These days, I try to stretch my legs. Long walks are good exercise. You don’t even need a face mask, if you stay six feet from everyone you meet.
My walk took me so far yesterday that I stumbled into Milo Bung’s neighborhood. Milo was out in the corner of his yard, working on something. I stood and ogled the object of his labors. It was a large, shapeless mass. A canvas sheet, I guessed, draped over . . . aha!
Milo had thrown a grayish tarpaulin over his Holy Mother grotto.
The item in question is an imitation rock face, five feet high, with a niche scooped out of its front. In the cave-like niche stands a plaster Virgin Mary in blue and white robes, arms outspread to the faithful. It’s a familiar lawn manifesto in our part of the country, where dwell many devout Roman Catholics.
Milo is not one of those.
I do not know what religion he professes, if any. But the house’s previous owner had installed the little shrine. Milo, being Milo, had left it alone. Now it was covered with a tarp—a house-painter’s dropcloth, yet without spot or stain.
“What are you doing?” I cried.
“Does that look like a rock to you?”
“It looks like a dropcloth hung over your Virgin Mary.”
“I mean, if you didn’t know she was under there—would you think it was a boulder? A natural rock outcropping?”
“No. I’d think it was a tarp covering something.”
Milo frowned. He switched on a noisy air compressor at his feet, picked up a hose nozzle, and sprayed the canvas with something wet and gray and pulpy.
After a few minutes he shut off the racket, set down the hose, and inspected his work. “That’s more like it. Should set up pretty quick.”
“Milo,” I asked, “why do you want to make your Holy Mother shrine into a featureless rock?”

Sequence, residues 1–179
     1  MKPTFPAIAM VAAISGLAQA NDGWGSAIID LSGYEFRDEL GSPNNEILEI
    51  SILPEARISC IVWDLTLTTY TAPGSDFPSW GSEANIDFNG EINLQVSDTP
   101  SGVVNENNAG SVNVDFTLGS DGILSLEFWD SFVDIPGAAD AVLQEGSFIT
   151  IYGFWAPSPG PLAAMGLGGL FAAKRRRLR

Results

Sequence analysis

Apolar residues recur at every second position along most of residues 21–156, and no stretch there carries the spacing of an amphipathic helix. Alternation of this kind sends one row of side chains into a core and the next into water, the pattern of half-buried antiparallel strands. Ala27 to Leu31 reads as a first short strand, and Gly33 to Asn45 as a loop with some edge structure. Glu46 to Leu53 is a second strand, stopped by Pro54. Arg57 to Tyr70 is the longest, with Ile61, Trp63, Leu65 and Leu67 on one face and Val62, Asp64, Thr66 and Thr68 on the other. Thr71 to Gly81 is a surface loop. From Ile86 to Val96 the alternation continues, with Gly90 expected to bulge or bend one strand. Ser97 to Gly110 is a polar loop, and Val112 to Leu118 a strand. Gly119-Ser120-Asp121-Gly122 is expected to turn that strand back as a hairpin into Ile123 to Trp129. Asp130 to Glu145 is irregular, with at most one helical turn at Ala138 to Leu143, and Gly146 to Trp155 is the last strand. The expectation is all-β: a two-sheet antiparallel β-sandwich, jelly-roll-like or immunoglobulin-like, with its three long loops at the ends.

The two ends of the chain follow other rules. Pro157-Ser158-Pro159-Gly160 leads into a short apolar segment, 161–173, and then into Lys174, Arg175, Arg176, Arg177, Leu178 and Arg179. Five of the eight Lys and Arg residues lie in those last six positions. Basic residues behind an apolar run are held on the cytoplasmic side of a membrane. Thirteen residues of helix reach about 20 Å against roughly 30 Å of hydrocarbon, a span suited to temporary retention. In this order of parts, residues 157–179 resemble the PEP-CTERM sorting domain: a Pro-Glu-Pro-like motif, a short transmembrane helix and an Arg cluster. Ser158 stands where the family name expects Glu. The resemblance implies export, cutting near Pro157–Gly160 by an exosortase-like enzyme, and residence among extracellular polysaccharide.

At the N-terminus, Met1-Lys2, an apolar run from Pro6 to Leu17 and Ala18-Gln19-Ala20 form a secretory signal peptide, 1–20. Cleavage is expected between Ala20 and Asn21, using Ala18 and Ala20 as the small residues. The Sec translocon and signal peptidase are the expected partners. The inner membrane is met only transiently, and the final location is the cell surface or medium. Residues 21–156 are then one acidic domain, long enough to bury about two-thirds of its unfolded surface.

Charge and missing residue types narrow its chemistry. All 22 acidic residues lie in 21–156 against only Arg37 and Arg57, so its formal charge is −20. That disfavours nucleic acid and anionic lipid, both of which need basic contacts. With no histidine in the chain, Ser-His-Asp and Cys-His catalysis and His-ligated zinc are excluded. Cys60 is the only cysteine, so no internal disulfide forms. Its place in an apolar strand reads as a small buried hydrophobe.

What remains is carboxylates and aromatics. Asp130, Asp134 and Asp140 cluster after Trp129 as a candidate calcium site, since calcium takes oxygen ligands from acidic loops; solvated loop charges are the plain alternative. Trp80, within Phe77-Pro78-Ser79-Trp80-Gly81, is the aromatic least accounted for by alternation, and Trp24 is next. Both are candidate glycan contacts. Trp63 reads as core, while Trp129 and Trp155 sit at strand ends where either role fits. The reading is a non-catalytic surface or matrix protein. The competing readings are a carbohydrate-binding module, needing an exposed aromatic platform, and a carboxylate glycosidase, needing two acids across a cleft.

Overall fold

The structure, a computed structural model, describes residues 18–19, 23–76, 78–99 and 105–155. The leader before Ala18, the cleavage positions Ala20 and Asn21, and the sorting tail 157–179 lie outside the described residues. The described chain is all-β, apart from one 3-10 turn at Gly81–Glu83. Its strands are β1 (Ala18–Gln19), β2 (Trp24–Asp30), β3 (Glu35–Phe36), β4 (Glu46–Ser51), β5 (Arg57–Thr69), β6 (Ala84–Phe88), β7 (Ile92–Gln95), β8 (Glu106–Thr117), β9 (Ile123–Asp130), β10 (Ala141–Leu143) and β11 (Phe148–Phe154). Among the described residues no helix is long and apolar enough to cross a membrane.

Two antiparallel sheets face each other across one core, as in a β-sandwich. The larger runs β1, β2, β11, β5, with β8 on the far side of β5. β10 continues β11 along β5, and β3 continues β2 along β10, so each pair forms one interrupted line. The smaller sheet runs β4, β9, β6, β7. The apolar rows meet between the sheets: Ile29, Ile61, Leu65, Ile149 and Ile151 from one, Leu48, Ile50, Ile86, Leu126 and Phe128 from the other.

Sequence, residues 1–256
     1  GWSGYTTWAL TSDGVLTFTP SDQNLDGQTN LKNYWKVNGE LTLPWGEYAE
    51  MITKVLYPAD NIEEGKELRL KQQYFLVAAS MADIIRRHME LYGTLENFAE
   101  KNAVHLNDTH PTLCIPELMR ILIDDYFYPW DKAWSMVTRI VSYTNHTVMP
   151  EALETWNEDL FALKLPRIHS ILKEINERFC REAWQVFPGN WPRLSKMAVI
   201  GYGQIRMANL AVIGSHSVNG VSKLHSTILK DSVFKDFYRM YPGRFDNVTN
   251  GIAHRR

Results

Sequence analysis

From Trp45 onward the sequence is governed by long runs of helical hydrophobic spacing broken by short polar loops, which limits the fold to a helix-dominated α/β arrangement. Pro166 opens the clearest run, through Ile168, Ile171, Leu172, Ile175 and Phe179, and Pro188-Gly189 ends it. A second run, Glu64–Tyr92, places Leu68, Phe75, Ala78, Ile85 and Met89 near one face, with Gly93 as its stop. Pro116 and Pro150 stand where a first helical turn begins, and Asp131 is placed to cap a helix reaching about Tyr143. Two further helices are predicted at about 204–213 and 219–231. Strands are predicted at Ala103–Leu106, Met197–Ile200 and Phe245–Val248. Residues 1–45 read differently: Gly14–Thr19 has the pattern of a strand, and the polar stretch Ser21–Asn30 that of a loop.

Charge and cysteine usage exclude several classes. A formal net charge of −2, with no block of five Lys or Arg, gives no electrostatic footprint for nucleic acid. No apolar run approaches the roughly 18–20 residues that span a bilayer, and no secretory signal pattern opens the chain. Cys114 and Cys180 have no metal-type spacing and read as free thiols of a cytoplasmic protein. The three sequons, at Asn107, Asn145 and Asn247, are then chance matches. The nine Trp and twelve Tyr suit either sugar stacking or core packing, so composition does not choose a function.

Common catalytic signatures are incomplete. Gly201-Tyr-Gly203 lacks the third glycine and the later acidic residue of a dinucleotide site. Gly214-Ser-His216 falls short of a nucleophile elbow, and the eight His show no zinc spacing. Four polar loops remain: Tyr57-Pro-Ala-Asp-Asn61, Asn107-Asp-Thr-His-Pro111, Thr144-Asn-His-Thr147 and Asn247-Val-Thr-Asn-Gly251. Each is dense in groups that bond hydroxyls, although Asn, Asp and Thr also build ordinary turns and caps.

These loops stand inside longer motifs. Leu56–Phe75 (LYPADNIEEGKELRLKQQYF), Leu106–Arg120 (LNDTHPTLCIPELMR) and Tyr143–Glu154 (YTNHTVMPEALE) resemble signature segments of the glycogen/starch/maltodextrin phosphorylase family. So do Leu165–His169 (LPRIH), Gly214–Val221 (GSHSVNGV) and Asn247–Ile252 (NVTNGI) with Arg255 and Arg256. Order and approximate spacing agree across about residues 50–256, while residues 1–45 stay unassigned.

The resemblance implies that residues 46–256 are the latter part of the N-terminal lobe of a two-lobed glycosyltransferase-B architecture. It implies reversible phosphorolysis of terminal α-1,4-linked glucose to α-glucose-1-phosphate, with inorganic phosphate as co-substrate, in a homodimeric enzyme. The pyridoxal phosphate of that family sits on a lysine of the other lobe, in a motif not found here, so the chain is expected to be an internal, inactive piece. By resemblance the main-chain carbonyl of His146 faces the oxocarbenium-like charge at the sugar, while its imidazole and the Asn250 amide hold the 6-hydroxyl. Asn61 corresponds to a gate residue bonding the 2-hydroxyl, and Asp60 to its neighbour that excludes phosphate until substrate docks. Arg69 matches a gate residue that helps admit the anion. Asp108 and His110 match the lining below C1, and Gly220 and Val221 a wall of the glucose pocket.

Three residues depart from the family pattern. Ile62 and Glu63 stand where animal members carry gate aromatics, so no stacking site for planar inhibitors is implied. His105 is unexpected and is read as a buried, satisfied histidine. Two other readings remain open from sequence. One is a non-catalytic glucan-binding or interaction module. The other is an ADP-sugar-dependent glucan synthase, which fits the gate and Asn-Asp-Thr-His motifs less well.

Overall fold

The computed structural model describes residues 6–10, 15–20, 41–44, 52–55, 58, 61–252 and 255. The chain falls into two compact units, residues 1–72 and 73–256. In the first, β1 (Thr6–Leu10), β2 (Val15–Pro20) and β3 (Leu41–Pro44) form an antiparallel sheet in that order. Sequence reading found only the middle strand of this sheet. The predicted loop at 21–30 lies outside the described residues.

“I heard they’re tearing down statues these days, and I didn’t want mine to be one of them. The rock is temporary camouflage. You know, till the fad passes.”
I sighed. Conversations with Milo always include a sigh.
“Nobody,” I pointed out, “is going to come around and tear down your statue of Jesus’s mother.”
Milo waggled the inactive hose nozzle at me. “But then, I wouldn’t have thought they’d mess with General Grant, either. Or Francis Scott Key. I’m taking no chances. I kinda like the old gal, smiling there on my lawn. She makes me feel peaceful.”
The notion of Milo Bung, pacified, brings to mind a hibernating armadillo. He is not exactly a cauldron of pent-up mayhem in his normal state.
He resumed spraying.
I had to concede, as he worked at it, that the agglomerated mess looked less and less like a piece of canvas. It began to assume the gnarled gravitas of the Areopagus in Athens.
“You think making your shrine into a big rock is the answer?” I asked. “How do you know the Visigoths won’t came along one day and demolish your boulder?”
“Nah.” Milo gave the nearly-finished promontory an extra squirt of sauce. “I’ve been studying these folks. They only tear down representational art.
“They are iconoclasts.”
This conversational pièce de résistance left me staring at Milo, all flumberbusted.
Last Tuesday, I posted a jeremiad. It was my first response to the destruction of a venerable statue here in Madison, Wisconsin.
Friends who saw this lament commented, “Well, at least now, from your blog post, I have learned about Colonel Hans Christian Heg.” Meaning, they now know the name of the man whose statue was destroyed.
But if that’s all you know of Heg, then you need to know quite a bit more before you can begin to understand just why his story happens to be especially important right at this moment.
So here goes:
Hans Christian Heg’s father, Even Hansen Heg, was an enterprising man who owned and operated a hotel in Drammen, Norway. In 1840, encouraged by letters from two acquaintances, Sören Backe and Johannes Johanneson, Heg took his wife and four children to join Backe and Johanneson at Wind Lake in the new Muskego Settlement in Racine County, Wisconsin.